Edge connectors appear throughout the Avalon concept. We tried to eliminate as many cables as possible to make assembly less intimidating for first-time builders and more convenient for seasoned veterans. Even hardcore enthusiasts should appreciate the reduced clutter and easier component swaps that edge connectors allow. The connectors are also cheaper to implement than conventional wiring, which is a nice bonus for us and our customers.
The cable-free focus extends to the power supply, which slides into the back of the chassis to mate with an edge connector inspired by server PSUs. Gamers and enthusiasts have a proud tradition of adopting server-class hardware for desktop use, and the Avalon concept honors it. The prototype’s PSU is a 600W unit based on the SFX form factor. All the power is fed to the motherboard, which then distributes to the rest of the system.
With sufficient power at its disposal, the motherboard can provide connectors for hot-swap storage bays that make drive installation a breeze. SSDs and hard drives slide right into the front of the Avalon concept. They connect to a daughter card inside that routes power and signal lines to the motherboard. The prototype supports up to four 2.5” drives in addition to the M.2 slot on the main motherboard—and the optional one in the modular I/O bay.
High-end graphics card draw a lot of power from auxiliary cables, and we weren’t able to banish those from this initial concept. The graphics card itself needs to be reworked to draw additional power from an edge connector.
The current chassis puts the graphics card in a separate compartment with access to ample airflow through vents in the side panel. The GPU is easily the hottest component in modern gaming machines, so we paid particular attention to keeping it cool. We also made it easy to access the card without disturbing the rest of the system, a nod to the fact that gamers update their graphics cards more frequently than other hardware.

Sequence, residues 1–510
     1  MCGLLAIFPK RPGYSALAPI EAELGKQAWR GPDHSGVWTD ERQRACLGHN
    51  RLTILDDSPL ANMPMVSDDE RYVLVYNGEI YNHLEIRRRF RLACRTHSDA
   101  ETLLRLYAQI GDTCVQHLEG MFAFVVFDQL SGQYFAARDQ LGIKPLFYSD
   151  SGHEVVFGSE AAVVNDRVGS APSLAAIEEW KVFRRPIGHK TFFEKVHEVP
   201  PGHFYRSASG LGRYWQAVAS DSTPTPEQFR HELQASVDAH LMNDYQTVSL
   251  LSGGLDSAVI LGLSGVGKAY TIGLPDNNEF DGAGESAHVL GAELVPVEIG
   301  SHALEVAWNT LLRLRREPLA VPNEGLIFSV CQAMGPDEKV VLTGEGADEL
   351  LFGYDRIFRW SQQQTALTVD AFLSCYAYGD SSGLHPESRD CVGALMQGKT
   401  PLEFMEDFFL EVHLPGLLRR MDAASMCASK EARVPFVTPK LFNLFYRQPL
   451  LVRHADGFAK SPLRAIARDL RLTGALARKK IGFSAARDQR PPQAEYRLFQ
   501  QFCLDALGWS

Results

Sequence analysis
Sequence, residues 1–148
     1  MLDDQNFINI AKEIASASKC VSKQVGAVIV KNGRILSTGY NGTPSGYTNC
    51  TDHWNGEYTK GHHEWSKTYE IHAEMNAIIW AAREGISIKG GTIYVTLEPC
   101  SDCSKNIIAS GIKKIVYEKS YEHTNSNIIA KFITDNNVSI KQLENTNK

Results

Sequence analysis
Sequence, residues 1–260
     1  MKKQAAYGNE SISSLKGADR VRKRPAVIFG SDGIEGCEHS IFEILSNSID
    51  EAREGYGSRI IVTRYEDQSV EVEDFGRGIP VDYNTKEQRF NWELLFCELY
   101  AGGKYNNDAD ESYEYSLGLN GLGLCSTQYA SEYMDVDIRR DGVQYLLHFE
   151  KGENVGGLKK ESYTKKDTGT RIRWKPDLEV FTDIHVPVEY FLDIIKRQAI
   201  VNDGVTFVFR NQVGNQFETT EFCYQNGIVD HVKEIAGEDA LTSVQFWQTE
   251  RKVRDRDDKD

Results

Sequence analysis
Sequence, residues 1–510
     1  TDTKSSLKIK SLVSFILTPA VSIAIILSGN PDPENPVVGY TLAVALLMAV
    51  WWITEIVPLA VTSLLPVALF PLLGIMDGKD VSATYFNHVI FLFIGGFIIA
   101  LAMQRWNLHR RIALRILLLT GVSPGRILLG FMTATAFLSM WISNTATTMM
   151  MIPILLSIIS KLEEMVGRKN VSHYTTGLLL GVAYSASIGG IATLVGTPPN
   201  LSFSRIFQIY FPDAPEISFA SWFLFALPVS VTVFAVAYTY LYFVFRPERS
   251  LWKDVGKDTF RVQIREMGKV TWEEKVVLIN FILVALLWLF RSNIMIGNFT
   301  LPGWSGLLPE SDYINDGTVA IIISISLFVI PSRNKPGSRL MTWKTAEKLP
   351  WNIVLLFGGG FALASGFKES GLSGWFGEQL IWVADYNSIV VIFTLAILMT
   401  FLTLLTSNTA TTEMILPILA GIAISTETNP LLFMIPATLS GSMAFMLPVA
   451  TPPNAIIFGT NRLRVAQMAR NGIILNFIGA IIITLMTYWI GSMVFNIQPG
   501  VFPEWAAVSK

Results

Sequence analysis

To simplify CPU installation, the motherboard comes with its own backplate attached. Although not pictured in the board shots we have, this integrated piece has threaded holes that let you screw heatsinks and liquid coolers directly into the board. The idea isn’t a new one—plenty of aftermarket coolers and even Intel’s LGA 2011 socket employ a similar approach—but we think it should be more widely used. With the right spacers and screws, our backplate can even work with some existing coolers.
Unlike the purely aspirational concepts often see in the tech industry, this prototype is a working system built on existing technologies that are viable to put into mass production. That said, it’s by no means a finished product. The design is still subject to change, and the core tenets allow for flexible interpretations with different shapes, sizes, and capabilities. One of the benefits of the modular approach is that it allows more variation with a smaller collection of components.
Our goal with the Avalon concept was to create something that’s right on the edge of what’s possible. Now that we’ve made, we want to see what our industry partners and the community at large thinks about this direction of DIY PCs.